Calcium Hypochlorite Suspected Cause of APL Austria’s Fire
The suspected cause of the fire on board the Liberian cargo vessel APL Austria is a chemical known as “calcium hypochlorite”, the South African Maritime Safety Authority (SAMSA) said citing preliminary investigation findings.
The chemical was found stowed under deck in No.4 cargo hold, where the fire broke out.
Calcium hypochlorite is commonly used for sanitation and disinfection purposes ranging from public swimming pools, drinking water to domestic use.
Nevertheless, the presence of the chemical on board the vessel was somewhat mysterious as the vessel’s crew was “unaware of it as it was not declared as such” , according to Captain Daron Burgess, a Principal Officer at SAMSA southern region office in Port Elizabeth.
Burgess stressed in a statement on Tuesday however that the final report by fire experts has not been released yet, so the cause cannot be confirmed.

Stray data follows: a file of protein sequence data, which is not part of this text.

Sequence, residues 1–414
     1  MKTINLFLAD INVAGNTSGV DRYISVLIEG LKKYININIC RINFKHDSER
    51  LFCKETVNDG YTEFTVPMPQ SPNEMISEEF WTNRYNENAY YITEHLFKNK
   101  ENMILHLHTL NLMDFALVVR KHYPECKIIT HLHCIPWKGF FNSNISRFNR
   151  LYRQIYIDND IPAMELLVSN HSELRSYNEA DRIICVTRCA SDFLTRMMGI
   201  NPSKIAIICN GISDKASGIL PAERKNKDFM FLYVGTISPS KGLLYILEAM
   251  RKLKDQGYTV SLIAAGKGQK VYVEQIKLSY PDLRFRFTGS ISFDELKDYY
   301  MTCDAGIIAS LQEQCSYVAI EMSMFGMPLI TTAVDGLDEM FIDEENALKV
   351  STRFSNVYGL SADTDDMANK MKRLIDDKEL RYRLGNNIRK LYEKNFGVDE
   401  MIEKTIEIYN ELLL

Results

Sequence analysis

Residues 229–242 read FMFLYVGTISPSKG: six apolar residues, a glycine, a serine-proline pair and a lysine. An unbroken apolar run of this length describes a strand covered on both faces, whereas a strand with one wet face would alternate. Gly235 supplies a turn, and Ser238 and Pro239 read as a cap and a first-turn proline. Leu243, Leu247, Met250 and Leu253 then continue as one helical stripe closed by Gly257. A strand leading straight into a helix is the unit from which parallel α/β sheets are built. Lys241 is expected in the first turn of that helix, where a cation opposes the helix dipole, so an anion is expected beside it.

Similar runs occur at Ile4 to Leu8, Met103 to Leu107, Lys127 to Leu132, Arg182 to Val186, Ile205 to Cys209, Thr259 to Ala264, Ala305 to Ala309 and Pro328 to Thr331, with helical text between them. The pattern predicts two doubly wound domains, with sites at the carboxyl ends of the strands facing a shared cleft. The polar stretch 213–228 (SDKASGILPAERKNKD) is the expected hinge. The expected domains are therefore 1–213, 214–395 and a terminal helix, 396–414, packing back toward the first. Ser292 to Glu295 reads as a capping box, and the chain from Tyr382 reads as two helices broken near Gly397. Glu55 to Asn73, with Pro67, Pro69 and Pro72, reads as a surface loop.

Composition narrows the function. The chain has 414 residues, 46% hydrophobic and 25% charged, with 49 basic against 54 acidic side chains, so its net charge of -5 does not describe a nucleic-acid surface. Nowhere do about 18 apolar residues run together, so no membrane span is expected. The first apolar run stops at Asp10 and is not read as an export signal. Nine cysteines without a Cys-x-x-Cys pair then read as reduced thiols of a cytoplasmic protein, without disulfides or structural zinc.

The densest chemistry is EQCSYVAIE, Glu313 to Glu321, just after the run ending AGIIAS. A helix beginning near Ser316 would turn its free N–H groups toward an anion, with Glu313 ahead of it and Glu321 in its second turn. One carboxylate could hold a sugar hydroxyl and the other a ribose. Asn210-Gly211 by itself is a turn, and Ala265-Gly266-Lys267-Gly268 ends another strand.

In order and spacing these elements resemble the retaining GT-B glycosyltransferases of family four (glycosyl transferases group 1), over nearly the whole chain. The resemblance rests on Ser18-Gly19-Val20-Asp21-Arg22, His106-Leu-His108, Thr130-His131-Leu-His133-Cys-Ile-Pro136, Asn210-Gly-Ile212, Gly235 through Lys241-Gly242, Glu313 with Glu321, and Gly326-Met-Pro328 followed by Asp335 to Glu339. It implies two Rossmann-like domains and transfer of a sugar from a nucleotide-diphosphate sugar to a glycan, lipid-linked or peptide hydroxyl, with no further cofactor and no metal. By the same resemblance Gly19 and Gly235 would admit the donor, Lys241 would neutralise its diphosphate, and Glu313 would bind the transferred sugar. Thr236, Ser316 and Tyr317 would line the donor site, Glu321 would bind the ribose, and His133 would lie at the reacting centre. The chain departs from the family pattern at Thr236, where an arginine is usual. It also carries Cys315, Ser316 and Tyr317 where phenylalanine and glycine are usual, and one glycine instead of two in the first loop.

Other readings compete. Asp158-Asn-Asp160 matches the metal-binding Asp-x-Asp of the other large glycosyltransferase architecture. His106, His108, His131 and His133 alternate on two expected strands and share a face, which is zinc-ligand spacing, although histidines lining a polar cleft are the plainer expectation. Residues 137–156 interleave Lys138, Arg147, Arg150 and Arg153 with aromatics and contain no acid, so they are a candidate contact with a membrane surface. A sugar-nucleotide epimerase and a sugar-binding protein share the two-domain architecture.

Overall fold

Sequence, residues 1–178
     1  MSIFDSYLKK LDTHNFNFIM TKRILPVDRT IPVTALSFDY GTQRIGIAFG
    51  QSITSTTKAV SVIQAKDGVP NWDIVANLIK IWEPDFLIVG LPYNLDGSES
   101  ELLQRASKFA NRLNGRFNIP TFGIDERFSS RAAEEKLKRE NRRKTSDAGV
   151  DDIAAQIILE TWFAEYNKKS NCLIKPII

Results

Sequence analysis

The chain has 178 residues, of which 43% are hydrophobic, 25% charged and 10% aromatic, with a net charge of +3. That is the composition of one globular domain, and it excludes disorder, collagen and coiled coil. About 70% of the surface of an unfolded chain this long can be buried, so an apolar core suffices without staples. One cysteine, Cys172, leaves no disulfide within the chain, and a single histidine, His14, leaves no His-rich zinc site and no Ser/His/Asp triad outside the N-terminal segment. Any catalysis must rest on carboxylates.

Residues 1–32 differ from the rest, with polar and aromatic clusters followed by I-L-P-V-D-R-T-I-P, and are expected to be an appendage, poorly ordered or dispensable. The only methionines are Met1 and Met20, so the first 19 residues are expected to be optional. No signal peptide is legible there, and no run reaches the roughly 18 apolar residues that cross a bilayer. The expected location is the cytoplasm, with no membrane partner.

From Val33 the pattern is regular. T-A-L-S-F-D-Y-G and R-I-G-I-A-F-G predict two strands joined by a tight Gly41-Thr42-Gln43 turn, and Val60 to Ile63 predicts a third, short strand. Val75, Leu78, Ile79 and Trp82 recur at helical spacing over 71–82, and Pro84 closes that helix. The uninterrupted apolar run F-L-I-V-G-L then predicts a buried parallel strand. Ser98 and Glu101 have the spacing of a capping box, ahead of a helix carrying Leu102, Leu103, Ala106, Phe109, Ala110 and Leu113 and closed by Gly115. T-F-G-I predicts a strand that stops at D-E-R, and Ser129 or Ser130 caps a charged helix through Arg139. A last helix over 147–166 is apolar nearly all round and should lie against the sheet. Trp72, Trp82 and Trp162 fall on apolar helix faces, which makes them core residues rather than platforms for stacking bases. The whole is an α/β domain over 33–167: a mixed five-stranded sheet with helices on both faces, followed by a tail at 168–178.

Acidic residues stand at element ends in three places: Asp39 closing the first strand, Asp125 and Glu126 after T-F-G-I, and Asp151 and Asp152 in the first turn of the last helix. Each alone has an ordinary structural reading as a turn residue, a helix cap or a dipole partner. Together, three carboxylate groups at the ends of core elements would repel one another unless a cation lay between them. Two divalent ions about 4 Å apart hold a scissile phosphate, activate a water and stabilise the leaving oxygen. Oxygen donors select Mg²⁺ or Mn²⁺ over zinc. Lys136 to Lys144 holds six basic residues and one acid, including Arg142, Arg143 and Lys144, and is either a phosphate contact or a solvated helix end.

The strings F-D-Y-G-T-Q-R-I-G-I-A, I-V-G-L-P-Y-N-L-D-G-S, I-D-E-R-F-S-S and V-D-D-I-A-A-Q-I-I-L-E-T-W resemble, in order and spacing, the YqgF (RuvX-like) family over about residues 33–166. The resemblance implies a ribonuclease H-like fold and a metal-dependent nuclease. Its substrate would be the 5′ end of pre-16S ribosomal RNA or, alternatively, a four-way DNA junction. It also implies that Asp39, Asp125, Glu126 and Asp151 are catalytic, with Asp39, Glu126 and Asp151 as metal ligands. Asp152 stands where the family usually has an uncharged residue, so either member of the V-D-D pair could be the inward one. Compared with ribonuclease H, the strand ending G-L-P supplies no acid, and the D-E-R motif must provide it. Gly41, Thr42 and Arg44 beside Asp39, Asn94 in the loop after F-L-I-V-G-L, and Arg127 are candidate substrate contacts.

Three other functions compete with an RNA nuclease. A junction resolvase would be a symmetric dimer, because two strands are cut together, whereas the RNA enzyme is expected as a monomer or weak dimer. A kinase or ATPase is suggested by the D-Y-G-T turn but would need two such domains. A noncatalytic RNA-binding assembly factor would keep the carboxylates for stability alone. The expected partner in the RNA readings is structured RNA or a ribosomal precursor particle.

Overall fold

The APL Austria – a 72 000 ton, 280m wide cargo vessel – had been some 30 nautical miles south west of Jeffreys Bay – about 50-70 kilometers west of Port Elizabeth – when it reported a fire on board at about 5pm on Sunday, 12 February 2017.
Shortly thereafter with rescue operations scrambled, it was redirected overnight back to Port Elizabeth and eventually to its current docking location at the port of Ngqurha. Its crew was evacuated while firefighters battled the blaze.
As disclosed by Capt. Burgess all damaged containers have been discharged from the vessel and the No.4 cargo hold is now empty and being mopped up.
He added that high pressure hose cleaning began on Tuesday and was expected to be completed on Wednesday afternoon after which investigators hope to have a full view of the damage to the vessel.
According to Capt. Burgess repairs to damage caused by the fire on board the vessel were unlikely to be conducted at the Ngqurha port and the vessel might set sail again to elsewhere sometime next week.
“The vessel has had SA repair companies attend to inspect damage and to give quotes for seen damage to ship and hatch covers,” he noted.